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View Full Version : What is an arrest, versus just being detained?



3rd_shift
09-01-2007, 04:32 PM
When I took security academy (yes, it's quite insignificant compared to police academy ;) ), I was told that an arrest was when one deprives another of thier liberty and/or freedom of movement by words and/or by deeds.

Once an arrest is made, the Miranda law kicks in from what I heard.

Still, there have been more than a few episodes of the long running TV show "Cops" showing people being "detained" in handcuffs.
Maybe some of you can help to clear the air on this one.
Thanks. :)

Narco
09-01-2007, 04:47 PM
Someone is under investigative detention to determine if they should be arrested for a certain offense. If you are arrested you are obviously being charged with an offense and taking a ride to jail. Some courts however disagreee as to what situations are a detention vs an arrest.

There is no Miranda "law". Once a person is under arrest and the police want to question them about that specific crime for which they were arrested that person must be read their Miranda warnings.

I've had perps think that since I did not read them their "rights" it invalidated the arrest which is not true. I didn't need to read them Miranda b/c I didn't need to question them regarding their current charges.

SgtScott31
09-01-2007, 05:13 PM
When I took security academy (yes, it's quite insignificant compared to police academy ;) ), I was told that an arrest was when one deprives another of thier liberty and/or freedom of movement by words and/or by deeds.

Once an arrest is made, the Miranda law kicks in from what I heard.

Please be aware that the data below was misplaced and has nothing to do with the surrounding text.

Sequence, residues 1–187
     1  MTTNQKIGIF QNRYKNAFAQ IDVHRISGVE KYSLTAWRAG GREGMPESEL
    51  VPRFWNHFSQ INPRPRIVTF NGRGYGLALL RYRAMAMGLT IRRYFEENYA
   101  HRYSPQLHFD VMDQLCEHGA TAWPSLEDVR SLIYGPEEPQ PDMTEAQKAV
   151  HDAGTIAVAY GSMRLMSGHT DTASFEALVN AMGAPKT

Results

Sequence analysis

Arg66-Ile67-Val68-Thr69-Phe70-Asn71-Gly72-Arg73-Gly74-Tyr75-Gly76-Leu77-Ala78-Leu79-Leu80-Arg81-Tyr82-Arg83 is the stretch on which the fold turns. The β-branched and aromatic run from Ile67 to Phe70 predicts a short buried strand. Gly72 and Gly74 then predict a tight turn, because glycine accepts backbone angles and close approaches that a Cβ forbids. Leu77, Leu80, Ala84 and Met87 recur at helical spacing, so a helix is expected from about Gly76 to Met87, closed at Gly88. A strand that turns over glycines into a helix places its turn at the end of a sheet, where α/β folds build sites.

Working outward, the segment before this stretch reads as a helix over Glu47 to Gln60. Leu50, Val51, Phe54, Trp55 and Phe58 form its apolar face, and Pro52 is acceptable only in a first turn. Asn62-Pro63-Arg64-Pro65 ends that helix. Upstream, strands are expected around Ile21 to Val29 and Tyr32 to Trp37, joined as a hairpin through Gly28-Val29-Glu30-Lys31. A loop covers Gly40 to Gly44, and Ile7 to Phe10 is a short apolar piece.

Still, there have been more than a few episodes of the long running TV show "Cops" showing people being "detained" in handcuffs.
Maybe some of you can help to clear the air on this one.
Thanks. :)

As far as TN is concerned (and most states), if we have reasonable suspicion that you are committing a crime, have committed a crime, or about to commit a crime, we can stop and investigate for a reasonable amount of time. At that time, you are not necessarily under arrest, but you are not free to leave either (some may call it an investigative detention). You may or may not be placed in handcuffs. If we feel you are a threat to our safety (or others), or you are a flight risk, then we will probably handcuff you. Whether you are cuffed or not, if you should try to leave before we have finished our investigation, then we arrest for TCA 39-16-602, "resist stop, frisk, arrest, or search." It is the same offense for an "obstructing justice" charge.

Miranda only applies when we have arrested someone and decide to ask questions that may illicit an incriminating response. I have rarely ever read Miranda. I develop enough PC to arrest and take the arrestee to jail. If they want to fight the charge, then we will do it in court.

just joe
09-01-2007, 08:47 PM
If you are a security person, Miranda doesn't apply to you anyway.

Dinosaur32
09-02-2007, 12:01 AM
95% of my Crim Pro class in law school did not know that arrest does not equal miranda.....took a couple of classes to get it straight for them.

Starsky53
09-02-2007, 12:52 AM
I have fellow officers go Miranda Crazy.....I keep telling them: Without BOTH elements, ARREST & INTERROGATION (politically correct term INTERVIEWING) there is no NEED for MIRANDA WARNING. Some guys think their arrest will be thrown out without it. Been in court and defended my actions with this basic principle hundreds of times......lawyers don't want us to know about the REAL way to use it.